As the national financial crisis gripping both Wall Street and Main Street moves into the halls of Congress this week, American voters are split on support for the sweeping government rescue plan that some say could cost as much at $1 trillion, a new Zogby Interactive survey shows.
The poll, taken Friday and Saturday after the crisis had reached full boil, shows 46% support the bailout, and 46% oppose it. Eight percent were unsure.
But there is little debate that the problem facing the U.S. financial system, caused in large part by a failure of the sub-prime mortgage industry, poses a long-term threat - 70% agree with that statement. Just 24% said they think the problem is a small problem posing only short-term difficulty.
Further, a dramatic 84% believe that other investment banks and major U.S. corporations will fail in the coming weeks and months, while just 9% said they think the problem has hit its bottom.
The online survey included 2,331 likely voters nationwide, and was conducted Sept. 19-20, 2008. It carries a margin of error of +/- 2.1 percentage points.
Perhaps a reflection of the widespread distrust with which voters currently view Washington, nearly two out of three likely voters in this survey said they blame government entities, led by the White House, for causing this problem. Asked who is most to blame, 27% said the Bush administration, while 20% blamed Congress. By contrast, just 12% blamed investment banks - which will benefit most from this proposed bailout - and 17% blamed mortgage brokers.
Further, just 38% of likely voters have confidence that leaders in Washington will be able to solve this crisis, while 58% said they have little or no confidence in these leaders.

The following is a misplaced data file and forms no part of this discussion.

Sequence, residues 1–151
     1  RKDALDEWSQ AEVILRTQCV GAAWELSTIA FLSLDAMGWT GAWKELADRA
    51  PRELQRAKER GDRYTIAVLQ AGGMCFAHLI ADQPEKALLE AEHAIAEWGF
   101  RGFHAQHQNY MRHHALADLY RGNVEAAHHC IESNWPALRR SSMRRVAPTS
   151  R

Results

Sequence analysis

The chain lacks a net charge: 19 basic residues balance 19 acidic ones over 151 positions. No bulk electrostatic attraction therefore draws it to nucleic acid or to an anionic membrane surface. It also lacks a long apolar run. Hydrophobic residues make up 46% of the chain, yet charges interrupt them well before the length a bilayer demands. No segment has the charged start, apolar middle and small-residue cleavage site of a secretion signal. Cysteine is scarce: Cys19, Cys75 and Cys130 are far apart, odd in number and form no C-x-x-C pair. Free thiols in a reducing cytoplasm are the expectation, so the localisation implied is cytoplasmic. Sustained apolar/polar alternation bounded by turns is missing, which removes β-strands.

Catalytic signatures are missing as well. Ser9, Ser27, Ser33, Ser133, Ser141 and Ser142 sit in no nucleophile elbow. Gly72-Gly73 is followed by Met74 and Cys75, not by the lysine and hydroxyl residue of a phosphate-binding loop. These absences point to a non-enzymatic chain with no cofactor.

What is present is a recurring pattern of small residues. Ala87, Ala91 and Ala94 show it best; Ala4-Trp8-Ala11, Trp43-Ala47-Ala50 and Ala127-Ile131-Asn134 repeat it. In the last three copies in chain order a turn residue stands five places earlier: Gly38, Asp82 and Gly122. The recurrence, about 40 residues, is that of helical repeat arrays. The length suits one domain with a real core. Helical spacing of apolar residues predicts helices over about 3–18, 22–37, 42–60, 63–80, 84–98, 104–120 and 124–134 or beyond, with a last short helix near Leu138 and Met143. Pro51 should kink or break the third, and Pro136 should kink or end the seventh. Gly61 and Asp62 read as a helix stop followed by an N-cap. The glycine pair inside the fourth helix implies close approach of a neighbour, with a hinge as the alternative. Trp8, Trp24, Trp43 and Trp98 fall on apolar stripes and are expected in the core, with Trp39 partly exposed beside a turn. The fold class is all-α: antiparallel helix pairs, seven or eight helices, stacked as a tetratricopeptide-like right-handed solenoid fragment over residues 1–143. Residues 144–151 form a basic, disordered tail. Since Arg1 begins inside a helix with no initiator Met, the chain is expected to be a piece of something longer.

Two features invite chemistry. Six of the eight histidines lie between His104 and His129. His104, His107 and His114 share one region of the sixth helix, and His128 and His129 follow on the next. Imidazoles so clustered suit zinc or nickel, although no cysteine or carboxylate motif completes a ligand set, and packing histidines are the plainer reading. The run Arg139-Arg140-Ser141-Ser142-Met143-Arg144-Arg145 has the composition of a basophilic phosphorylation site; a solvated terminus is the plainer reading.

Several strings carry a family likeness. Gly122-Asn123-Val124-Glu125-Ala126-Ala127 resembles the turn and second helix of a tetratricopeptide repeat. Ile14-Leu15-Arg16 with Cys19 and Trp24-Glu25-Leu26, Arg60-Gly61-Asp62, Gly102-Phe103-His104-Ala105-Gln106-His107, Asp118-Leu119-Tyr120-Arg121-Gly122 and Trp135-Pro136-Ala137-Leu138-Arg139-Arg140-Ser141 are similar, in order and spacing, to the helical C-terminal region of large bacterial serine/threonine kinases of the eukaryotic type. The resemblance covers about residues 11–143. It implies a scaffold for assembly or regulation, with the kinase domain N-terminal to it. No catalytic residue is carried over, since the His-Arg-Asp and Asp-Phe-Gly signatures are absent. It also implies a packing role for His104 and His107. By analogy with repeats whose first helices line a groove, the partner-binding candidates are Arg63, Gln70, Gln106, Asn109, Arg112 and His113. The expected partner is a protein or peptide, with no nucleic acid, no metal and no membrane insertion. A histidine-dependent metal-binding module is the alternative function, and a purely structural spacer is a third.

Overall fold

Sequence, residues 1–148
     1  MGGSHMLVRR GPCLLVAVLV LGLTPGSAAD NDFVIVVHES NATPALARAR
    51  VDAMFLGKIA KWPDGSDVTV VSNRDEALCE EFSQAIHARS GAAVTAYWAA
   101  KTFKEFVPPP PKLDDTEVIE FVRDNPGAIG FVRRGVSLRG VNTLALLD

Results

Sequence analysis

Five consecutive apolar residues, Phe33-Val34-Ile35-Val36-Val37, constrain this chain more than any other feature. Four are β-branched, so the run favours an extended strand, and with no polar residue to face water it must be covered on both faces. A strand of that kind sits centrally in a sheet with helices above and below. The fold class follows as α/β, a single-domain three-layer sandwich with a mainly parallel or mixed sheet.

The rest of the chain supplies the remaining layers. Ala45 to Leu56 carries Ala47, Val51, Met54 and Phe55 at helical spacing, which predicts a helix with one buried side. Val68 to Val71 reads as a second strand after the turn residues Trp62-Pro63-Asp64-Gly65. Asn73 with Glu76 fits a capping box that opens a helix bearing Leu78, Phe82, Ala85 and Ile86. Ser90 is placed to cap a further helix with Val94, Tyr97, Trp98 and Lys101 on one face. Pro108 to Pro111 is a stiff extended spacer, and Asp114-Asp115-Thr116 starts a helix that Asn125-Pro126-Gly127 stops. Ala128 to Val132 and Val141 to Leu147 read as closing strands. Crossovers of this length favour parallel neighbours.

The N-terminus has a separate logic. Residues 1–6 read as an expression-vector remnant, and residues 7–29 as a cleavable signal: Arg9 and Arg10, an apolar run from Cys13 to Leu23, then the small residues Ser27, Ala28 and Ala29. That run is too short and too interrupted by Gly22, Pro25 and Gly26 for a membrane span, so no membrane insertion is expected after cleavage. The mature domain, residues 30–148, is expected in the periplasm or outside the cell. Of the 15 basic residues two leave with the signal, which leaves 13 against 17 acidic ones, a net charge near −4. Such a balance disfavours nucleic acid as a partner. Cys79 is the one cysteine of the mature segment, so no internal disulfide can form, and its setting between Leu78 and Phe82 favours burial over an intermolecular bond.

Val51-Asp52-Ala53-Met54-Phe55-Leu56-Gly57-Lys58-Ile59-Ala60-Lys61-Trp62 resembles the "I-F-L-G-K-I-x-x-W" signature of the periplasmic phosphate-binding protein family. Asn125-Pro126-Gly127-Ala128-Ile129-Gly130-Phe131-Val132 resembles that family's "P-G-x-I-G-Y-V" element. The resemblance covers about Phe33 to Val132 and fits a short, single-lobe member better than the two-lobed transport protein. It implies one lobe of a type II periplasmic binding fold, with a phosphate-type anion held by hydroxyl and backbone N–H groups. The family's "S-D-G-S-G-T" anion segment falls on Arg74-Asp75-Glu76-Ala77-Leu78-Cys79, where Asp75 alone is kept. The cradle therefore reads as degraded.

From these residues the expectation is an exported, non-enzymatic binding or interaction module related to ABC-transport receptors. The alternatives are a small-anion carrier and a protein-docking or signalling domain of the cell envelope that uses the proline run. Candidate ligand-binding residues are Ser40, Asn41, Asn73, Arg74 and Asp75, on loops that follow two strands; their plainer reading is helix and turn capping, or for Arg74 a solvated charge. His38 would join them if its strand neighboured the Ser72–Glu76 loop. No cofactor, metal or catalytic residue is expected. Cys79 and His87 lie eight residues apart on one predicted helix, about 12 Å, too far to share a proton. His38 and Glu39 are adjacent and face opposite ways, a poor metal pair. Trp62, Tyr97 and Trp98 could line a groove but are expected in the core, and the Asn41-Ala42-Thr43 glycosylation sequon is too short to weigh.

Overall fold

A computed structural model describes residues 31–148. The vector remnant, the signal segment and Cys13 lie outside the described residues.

The survey shows that 83% of likely voters want those responsible for the unsound lending and investment practices that led to this crisis to be held criminally responsible, while 14% said they wouldn't agree with that. But these voters are not holding their breath for that to happen. Just 37% said they think those responsible will be held accountable, while 60% said they do not think those responsible will be held responsible.
Democrat Barack Obama holds a small edge over Republican John McCain in dealing with the financial crisis - 46% said Obama is best-equipped to deal with the financial crisis, compared to 41% who said McCain is best suited. Another 13% said they were unsure on the question.
Further, Democrats are seen as much better regulators of the mortgage and real estate industries - 42% said Democrats would be better regulators than Republicans, while 25% said they think the GOP is better at regulation.
Likely voters said they favor strict new regulations governing the mortgage industry to prevent such problems as the sub-prime mortgage meltdown from happening again. Nearly three out of four - 71% - said they favor tougher mortgage lending regulations, even if it means fewer people will be able to buy a home. Twenty-three percent disagreed that such new regulations should be put in place.
Concerning the relationship between the financial services, energy, and military contracting industries and the lawmakers in Washington who regulate them, a wide majority of likely voters said they think there should be no financial connection. More than four out of five - 82% - said that political parties, presidential candidates and candidates for the U.S. Congress should be banned from receiving financial contributions from lobbyists or other representatives from those industries that are vital to the financial and national security of the country.